Excess bank reserves are called “high powered money.” While they sit in an account at the Fed, they don’t directly influence economic activity. But when banks lend, the newly minted money gets into the private sector and affects economic activity. And if there is no excess capacity in the labor or capital markets, inflation ensues.

Just think of how much money the banks can create if their current excess reserves are 33 times more than they need. Given the magnitudes here, the use of the reserve requirement policy tool to control future bank lending doesn’t appear to be feasible.

So what about the use of its most powerful traditional tool, OMO? Unfortunately, the recent overuse via QE2 and QE3 has made this tool ineffective. Imagine the Fed trying to control bank lending by reducing excess reserves. It would have to sell trillions of dollars of securities into the open markets before excess reserves would become an issue for the banking system. Where would interest rates be at that point?

Furthermore, long-term fiscal issues have become a real concern. With somewhere between $85 trillion and $120 trillion of unfunded liabilities rapidly approaching, huge fiscal deficits are a certainty barring entitlement, Social Security, Medicare and Medicaid reform.

To keep the cost of the debt manageable within the U.S. government budget, the Fed must continue to keep interest rates low. With pressures building internationally for a different world reserve currency, foreign purchases of Treasury debt may diminish in the future. That leaves the Fed as the major lender to the Treasury via OMO purchases. Trying to reduce its holdings of securities at this time would likely result in another financial panic.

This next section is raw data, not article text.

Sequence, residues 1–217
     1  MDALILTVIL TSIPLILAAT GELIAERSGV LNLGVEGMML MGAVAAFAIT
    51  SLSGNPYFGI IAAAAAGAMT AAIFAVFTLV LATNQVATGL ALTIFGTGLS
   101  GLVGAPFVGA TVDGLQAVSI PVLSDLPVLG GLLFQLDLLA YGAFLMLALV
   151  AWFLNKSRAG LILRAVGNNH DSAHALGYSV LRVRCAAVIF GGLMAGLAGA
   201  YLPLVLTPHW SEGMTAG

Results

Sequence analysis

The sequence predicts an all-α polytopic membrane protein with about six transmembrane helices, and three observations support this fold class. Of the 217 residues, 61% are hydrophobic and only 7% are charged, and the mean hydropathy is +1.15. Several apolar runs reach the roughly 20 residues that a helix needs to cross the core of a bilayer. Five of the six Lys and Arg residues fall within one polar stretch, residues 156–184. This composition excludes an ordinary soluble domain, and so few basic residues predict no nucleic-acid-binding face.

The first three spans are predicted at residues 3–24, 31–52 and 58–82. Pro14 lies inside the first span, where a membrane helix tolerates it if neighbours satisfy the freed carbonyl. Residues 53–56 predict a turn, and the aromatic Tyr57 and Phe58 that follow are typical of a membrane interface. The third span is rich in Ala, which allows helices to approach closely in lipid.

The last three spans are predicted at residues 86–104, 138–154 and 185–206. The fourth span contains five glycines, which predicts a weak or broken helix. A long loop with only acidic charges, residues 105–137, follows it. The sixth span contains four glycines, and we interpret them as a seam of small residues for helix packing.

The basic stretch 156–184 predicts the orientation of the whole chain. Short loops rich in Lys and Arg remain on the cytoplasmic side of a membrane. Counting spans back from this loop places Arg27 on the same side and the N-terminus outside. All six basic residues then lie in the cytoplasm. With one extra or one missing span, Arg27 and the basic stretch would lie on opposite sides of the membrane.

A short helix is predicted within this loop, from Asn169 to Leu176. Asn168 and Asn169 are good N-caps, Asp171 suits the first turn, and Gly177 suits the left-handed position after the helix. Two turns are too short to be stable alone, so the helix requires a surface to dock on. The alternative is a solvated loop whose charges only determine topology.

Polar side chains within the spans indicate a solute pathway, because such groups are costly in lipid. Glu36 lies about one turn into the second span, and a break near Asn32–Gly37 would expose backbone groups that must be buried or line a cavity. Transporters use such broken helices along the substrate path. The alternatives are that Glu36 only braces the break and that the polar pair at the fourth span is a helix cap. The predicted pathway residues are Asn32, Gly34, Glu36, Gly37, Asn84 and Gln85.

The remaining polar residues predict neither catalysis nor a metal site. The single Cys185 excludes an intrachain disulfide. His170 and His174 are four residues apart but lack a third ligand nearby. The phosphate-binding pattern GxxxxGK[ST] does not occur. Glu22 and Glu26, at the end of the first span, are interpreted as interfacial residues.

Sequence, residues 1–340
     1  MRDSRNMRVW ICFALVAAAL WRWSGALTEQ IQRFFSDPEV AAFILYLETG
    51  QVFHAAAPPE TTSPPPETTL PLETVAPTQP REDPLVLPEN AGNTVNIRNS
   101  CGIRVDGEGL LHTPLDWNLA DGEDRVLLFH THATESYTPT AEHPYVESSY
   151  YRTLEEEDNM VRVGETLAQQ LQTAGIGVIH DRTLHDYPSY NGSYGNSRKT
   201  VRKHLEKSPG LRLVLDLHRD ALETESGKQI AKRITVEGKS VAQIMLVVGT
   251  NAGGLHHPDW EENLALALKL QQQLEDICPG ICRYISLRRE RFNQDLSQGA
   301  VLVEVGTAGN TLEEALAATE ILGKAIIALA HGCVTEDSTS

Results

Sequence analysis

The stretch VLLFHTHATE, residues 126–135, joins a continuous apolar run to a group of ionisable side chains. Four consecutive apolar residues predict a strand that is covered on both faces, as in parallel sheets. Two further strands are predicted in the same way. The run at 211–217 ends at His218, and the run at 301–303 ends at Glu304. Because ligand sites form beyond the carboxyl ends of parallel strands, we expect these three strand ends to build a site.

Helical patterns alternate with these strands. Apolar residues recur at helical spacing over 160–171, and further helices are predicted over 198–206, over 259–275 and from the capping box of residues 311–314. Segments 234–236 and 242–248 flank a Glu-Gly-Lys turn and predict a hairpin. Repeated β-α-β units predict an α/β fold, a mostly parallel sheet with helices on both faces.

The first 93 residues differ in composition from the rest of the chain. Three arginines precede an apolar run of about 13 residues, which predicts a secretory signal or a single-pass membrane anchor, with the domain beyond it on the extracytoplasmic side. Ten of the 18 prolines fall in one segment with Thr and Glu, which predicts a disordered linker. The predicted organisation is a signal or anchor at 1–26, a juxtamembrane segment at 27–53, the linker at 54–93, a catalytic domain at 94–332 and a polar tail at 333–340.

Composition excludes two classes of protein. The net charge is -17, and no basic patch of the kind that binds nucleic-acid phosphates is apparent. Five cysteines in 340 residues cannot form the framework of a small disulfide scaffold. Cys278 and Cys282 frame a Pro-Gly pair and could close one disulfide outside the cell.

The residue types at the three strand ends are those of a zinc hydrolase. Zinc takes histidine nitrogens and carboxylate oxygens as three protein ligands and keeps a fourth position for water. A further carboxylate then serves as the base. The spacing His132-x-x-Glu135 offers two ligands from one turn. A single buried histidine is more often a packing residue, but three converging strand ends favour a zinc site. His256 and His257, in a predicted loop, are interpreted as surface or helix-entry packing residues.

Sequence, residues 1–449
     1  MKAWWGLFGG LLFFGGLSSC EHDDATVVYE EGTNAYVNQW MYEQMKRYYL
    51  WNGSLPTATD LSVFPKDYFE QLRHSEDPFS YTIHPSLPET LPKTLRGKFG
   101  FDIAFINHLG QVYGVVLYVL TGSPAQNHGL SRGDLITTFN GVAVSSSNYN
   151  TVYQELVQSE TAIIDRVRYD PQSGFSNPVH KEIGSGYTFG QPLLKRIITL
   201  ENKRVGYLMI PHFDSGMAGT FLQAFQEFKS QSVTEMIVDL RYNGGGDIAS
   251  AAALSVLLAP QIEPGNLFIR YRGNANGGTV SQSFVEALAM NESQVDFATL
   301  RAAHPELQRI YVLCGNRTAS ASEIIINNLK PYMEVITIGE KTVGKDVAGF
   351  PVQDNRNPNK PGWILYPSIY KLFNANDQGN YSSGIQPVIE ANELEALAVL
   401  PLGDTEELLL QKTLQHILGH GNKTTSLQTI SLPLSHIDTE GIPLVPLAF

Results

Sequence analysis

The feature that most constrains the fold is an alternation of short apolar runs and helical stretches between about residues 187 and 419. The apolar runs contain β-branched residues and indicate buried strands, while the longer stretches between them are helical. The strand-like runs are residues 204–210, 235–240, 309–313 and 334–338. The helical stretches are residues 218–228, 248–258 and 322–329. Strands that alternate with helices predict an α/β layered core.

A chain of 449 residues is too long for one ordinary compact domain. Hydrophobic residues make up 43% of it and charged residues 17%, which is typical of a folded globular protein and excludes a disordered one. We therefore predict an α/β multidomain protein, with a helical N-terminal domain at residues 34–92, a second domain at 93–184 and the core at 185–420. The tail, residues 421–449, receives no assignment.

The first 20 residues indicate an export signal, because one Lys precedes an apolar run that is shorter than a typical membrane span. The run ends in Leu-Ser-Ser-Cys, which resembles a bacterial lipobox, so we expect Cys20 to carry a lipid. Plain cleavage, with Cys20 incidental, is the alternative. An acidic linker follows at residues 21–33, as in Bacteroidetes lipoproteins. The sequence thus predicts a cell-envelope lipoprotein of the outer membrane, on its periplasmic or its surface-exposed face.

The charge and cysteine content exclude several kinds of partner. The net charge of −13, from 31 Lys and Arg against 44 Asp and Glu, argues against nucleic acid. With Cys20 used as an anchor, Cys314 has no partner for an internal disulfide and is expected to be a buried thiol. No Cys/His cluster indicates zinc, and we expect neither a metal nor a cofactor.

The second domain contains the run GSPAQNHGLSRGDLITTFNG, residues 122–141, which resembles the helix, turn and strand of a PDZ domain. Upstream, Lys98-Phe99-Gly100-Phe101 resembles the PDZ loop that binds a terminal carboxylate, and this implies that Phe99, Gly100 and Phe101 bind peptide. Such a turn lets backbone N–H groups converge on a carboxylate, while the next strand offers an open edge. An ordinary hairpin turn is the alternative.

Unable to use the “sell” side of OMO to influence the banking system, and unable to effectively use reserve requirements because of the magnitude of the imbalance, the Fed is now stuck with only one tool, the discount or borrowing window. Only now, because the financial system is drowning in the sea of liquidity produced by the Fed, the borrowing window and discount rate must now work in reverse.

In the traditional use of the borrowing window, the Fed used the discount rate (short-term borrowing rate to encourage (by lowering rates) or discourage (by raising rates) banks from borrowing to lend to the private sector. But now because of the volume of excess reserves created by QE2 and QE3, the Fed will have to use the rate it pays, currently 0.25%/year, to the banks with excess reserves to encourage or discourage bank lending.

Yes! Not the rate the banks pay to the Fed to borrow, but the rate the Fed pays to the banks to encourage them to keep their reserves instead of lending them.

The original concept of the Fed as the lender of last resort has been turned on its head. Instead of the private-sector banks paying to get needed liquidity, the public sector, i.e., taxpayers, will be paying the banks not to use the excess the Fed has created. It’s backward — it’s Bizarro.

Robert Barone (Ph.D., economics, Georgetown University) is a principal of Universal Value Advisors, Reno, a registered investment adviser. Barone is a former director of the Federal Home Loan Bank of San Francisco and is currently a director of Allied Mineral Products, Columbus, Ohio, AAA Northern California, Nevada, Utah Auto Club, and the associated AAA Insurance Co., where he chairs the investment committee. Barone or the professionals at UVA (Joshua Barone, Andrea Knapp, Matt Marcewicz and Marvin Grulli) are available to discuss client investment needs.

Call them at 775-284-7778.

Statistics and other information have been compiled from various sources. Universal Value Advisors believes the facts and information to be accurate and credible but makes no guarantee to the complete accuracy of this information.

November 5, 2013

The Fed is bungling world’s reserve currency

Posted in Federal Reserve, Finance, Uncategorized tagged at 9:38 PM by Robert Barone

The Fed has proven to be a terrible caretaker of the responsibilities that come with reserve currency status, even while the U.S. economy benefits greatly from it. The bungling is so great that the dollar is now at risk of the loss of that status, and with it, those huge benefits.

Some history

After both world wars, the U.S. had the strongest economy. And despite FDR’s removal of the U.S. from the gold standard in 1933, the Bretton Woods agreements of 1944 established a “gold exchange” standard wherein balance of payment deficit nations were to settle up with surplus nations in gold (at $35 per ounce).